Real Mavericks call McCain; his hand is not a Maverick's
Texas' Mavericks are calling a spade a spade, saying John McCain is not part of their club and they have no heart for his use of the phrase coined by their diamond in the rough ancestor. The Mavericks from whence the term comes, are not the progeny of Bart, Brett, Beau or "my old pappy".
The word maverick, you see, is a vestige of their ancestry, a lexicon remnant that connects them to the roots of their Texas Revolution heritage, specifically to Samuel Augustus Maverick, a 19th-century San Antonio mayor, signer of the 1836 Texas Declaration of Independence and aggressive land baron.
Maverick also owned a herd of cattle that he allowed to roam and chose not to brand. And so, the term maverick — in its purest form, it means an unbranded calf — was born.
Maverick’s descendants continued his legacy of public service and bucking conventional wisdom. His grandson, Maury Maverick, was a U.S. congressman who returned to San Antonio to serve one term as a mayor and took pride in getting the River Walk built and La Villita restored.
His political career ended when he allowed members of the Communist Party, including Emma Tenayuca, a labor leader who advocated for pecan shellers, to meet at Municipal Auditorium. A lynch mob gathered outside the meeting and hanged Maverick in effigy.
The family is not alone. One journalist who covered the colorful mayor says he knew Maverick and McCain is no Maverick.
Claude Stanush was a young reporter for the San Antonio Light covering City Hall and vividly recalls the scene.
“He gave them the permit to meet, and the public got aroused, but he thought they had the right to meet,” said Stanush, 90. “Some of them thought he was a communist — he was liberal and sponsored a lot of things for the public that could be labeled socialistic.”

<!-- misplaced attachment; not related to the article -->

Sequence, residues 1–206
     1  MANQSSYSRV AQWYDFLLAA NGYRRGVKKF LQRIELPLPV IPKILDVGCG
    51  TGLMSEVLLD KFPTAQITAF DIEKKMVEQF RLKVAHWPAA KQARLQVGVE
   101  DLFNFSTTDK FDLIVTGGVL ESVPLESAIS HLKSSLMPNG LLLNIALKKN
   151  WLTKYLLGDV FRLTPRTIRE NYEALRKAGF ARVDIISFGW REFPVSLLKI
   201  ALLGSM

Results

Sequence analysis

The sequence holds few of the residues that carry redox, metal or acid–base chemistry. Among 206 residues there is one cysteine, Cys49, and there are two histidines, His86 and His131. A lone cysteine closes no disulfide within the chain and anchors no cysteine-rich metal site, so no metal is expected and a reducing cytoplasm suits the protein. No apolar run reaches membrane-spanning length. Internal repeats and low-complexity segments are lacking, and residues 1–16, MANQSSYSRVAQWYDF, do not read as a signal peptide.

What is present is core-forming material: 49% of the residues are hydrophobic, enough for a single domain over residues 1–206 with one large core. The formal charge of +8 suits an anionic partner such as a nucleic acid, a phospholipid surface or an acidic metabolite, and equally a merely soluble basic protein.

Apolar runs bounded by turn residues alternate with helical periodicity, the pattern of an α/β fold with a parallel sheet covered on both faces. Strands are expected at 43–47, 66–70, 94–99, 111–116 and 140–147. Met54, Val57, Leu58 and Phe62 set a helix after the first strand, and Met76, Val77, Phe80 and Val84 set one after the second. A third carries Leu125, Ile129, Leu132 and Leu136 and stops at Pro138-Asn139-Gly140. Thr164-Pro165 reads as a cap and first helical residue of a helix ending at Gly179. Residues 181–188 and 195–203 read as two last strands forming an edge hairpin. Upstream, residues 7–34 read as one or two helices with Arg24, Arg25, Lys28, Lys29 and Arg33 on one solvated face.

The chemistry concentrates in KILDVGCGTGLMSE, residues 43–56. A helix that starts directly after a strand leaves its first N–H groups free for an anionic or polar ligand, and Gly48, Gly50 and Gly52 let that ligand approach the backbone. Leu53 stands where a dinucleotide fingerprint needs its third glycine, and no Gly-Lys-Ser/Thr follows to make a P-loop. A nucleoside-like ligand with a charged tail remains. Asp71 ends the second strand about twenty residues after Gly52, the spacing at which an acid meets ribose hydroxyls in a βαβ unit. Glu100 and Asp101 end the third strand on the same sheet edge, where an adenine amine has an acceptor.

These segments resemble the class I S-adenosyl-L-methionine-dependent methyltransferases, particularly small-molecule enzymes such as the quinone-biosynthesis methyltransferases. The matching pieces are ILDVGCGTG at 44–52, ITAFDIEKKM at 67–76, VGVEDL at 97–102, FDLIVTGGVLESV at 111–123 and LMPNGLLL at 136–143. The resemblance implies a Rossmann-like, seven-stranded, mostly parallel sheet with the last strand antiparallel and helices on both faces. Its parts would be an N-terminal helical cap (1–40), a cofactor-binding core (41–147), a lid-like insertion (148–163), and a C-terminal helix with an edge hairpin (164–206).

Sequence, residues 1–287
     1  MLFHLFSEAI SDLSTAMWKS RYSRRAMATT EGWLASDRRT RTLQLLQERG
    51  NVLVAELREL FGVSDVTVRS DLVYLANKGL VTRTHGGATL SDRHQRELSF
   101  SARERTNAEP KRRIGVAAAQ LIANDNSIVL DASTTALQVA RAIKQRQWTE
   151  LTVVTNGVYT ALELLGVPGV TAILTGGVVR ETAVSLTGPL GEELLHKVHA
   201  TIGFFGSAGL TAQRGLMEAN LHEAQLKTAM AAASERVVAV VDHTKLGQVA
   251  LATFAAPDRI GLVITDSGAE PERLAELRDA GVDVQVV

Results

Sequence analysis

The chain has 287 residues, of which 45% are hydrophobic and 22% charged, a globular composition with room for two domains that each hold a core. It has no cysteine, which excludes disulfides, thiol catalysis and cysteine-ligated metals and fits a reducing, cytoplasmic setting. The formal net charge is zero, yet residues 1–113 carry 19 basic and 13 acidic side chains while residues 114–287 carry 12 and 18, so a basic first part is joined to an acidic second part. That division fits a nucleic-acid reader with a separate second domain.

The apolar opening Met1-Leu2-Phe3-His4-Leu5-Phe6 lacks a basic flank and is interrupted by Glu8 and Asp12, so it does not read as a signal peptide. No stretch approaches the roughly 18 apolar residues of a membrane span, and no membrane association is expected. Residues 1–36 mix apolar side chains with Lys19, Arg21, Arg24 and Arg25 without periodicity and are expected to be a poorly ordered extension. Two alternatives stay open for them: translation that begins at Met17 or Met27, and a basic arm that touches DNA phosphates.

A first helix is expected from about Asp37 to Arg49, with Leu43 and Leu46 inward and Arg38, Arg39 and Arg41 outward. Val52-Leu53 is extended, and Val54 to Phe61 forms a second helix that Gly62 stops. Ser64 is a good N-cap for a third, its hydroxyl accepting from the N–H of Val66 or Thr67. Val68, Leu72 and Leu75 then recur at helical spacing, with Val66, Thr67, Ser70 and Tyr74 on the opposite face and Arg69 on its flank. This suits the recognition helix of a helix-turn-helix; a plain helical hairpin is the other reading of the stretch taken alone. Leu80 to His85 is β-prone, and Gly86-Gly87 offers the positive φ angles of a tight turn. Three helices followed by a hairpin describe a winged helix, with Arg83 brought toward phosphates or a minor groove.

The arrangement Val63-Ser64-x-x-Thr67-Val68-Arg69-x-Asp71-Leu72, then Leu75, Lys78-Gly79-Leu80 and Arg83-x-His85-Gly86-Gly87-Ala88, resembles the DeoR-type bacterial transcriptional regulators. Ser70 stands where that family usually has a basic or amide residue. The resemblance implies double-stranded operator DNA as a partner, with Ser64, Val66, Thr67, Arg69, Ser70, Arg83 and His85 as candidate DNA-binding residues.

Stanush, a San Antonio native who went on to a career with Life magazine, remembers Maury Maverick fondly.
“He was the best mayor we ever had,” Stanush said. “He was a devoted lover of San Antonio, and when he lost the election it broke his heart.”
Having covered a genuine Maverick, Stanush thinks McCain is “posing as a maverick.”
“I think people who seize on slogans do it for personal advantage,” he said. “I don’t think a person who’s a real maverick brags about it — they just go about being a maverick.”
The Maverick family, with the exception of few Republicans, say McCain's of the word sullies the family history and is not a fair description of someone who has sided so very often with President George W. Bush.
Julia Maverick, the widow of Maury Maverick Jr., an outspoken legislator and longtime San Antonio Express-News columnist, also questions McCain’s use of the word.
“Has anyone asked McCain why he thinks he’s a maverick?” she asked. “I have great respect for him being a POW. He’s never done anything to offend me more than any other Republican, but somebody has to pin him down about why he thinks he’s a maverick. Reaching across the aisle to the Democrats once in a while doesn’t make you a maverick.”
Fontaine Maverick, an Austin bookkeeper and great-great-granddaughter of Samuel Augustus Maverick, started a Web site — www.realoriginalmaverick.com — about a month ago as a way to respond to McCain’s use of the word.
“It just felt wrong,” she said, adding that not all relatives agree, as a handful are Republicans. “McCain is a true conservative and he’s only broken ranks with Bush a few times — he’s gone lock step with the Bush administration.”
Terrellita Maverick, sister of Maury Maverick Jr. and mother of Fontaine Maverick, said that in her mind, being a maverick means being unfettered and not having to answer to any group or party.
“We all cringed the first time he used it, and we have cringed every time since,” she said. “He’s not a maverick in uppercase or lowercase. He’s got a brand on him, and it’s a red ‘R’ for Republican. We are just furious that he took our family name and that he used it to connote he’s independent or a freethinker.
“My blood pressure has gotten so high, I’ve got to calm down — I’ve got to be around to vote, because I’m mad as hell.”
Oh, don't get them started on Sarah Palin.
See also - "What is a Maverick?"